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Joined: 01/27/2002
Posts: 7916
Should non-residents have equal rights...

June 2005 Poll:

Should non-residents have equal rights to a state's or province's game?

To vote in this poll, please visit our home page. The poll is on the right hand side.

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Location: Colorado
Joined: 02/27/2003
Posts: 394
Should non-residents have equal rights...

Frankly, I don't like the wording of this poll. I voted no, but not because I don't think non-residents should have "equal rights."

The thing is, how do you define "equal rights?" My guess is that the poll is trying to get at whether or not a state should be able to reserver more tags for residents than for non-residents. To that question my answer is an unequivocal YES! I do not really consider that to be a case of not giving non-residents "equal rights," though. Non-residents can have equal rights and still not be allocated as many tags as residents.

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Location: Montana
Joined: 02/13/2005
Posts: 409
Should non-residents have equal rights...

Non residents already have better odds of drawing our trophy tags here in Montana because a certian number are reserved for NRs and the number that apply is much lower,so here they have more than equal rights as far as Im concerned....

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Location: Wa.
Joined: 03/31/2004
Posts: 1300
Should non-residents have equal rights...

I think a hunter should be able to buy a license and tags to hunt anywhere he pleases, in the country he resides. First come first serve. Everyone have the same opportunity.

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Location: Washington
Joined: 02/09/2003
Posts: 18
Federal funding

What % of Arizona's restoration projects are Federally funded...? ...and what % of tag's are nonresidents allocated? Hmmm.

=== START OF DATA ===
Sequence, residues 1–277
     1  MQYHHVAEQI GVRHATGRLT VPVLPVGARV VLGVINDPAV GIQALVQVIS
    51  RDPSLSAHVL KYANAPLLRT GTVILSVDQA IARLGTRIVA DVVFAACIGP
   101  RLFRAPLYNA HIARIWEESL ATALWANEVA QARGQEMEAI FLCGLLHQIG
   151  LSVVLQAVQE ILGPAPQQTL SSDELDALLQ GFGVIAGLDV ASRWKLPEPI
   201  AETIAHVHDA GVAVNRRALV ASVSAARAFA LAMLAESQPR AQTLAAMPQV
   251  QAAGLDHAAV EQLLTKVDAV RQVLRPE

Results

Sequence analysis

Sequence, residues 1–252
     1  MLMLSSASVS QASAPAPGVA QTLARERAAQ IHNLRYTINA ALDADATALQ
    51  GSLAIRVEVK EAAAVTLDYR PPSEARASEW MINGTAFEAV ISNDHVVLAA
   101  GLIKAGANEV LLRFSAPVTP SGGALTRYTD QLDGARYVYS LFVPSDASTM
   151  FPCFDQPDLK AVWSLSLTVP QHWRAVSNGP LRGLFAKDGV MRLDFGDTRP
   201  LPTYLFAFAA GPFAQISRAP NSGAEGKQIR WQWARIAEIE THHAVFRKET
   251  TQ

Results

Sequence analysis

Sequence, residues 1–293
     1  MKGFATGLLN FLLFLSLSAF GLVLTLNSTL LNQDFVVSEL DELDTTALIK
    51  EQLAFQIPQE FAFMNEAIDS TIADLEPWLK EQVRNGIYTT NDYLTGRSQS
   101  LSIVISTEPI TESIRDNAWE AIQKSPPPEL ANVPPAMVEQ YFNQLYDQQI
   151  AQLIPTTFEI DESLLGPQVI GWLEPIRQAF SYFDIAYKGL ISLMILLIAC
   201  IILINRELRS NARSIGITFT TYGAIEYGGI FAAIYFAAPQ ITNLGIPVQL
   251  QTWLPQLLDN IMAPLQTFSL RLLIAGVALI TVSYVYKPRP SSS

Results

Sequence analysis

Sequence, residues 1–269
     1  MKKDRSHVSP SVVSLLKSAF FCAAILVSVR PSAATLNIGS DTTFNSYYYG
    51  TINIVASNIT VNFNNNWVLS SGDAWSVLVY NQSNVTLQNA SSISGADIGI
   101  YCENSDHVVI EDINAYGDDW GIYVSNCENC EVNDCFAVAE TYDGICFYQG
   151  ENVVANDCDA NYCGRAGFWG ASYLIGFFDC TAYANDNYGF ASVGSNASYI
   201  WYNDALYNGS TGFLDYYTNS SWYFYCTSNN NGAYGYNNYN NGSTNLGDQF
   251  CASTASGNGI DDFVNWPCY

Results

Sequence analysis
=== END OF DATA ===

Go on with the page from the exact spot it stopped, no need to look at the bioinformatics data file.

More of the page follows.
Arizona wildlife programs benefit from federal funding

News Media
June 10, 2005

PHOENIX - Arizona's wildlife and sport fish conservation and education programs will receive about $11.5 million in federal funds for 2005. The money is Arizona's share of more than $530 million in excise taxes paid nationally by America's recreational shooters, hunters, anglers and boaters.

The funds are apportioned under two federal programs, Sport Fish and Wildlife Restoration. Arizona's share of national Sport Fish funding for 2005 is $5.92 million. Wildlife Restoration funding accounts for another $5.68 million, including $1.2 million for hunter education. These funds are made available to states based on formulas that take into account the state's land and water area and the number of hunting and fishing license holders.

"Sport Fish and Wildlife Restoration funds are essential for financing fish and wildlife management. Without them, we'd be hard-pressed to serve public demand for professional management of our sport fish and wildlife resources," says Larry Riley, fisheries branch chief.

The funds pay for up to 75 percent of the cost of each project, while the state contributes at least 25 percent. The Arizona Game and Fish Department receives no state general fund dollars; instead, it leverages these federal funds with other sources of income.

"Because sportsmen and women pay this federal excise tax on sporting equipment, the Arizona Game and Fish Department is able to survey game species, set scientifically sound hunt recommendations, and monitor hunter harvest for the long-term benefit of Arizona wildlife," says Leonard Ordway, game branch chief.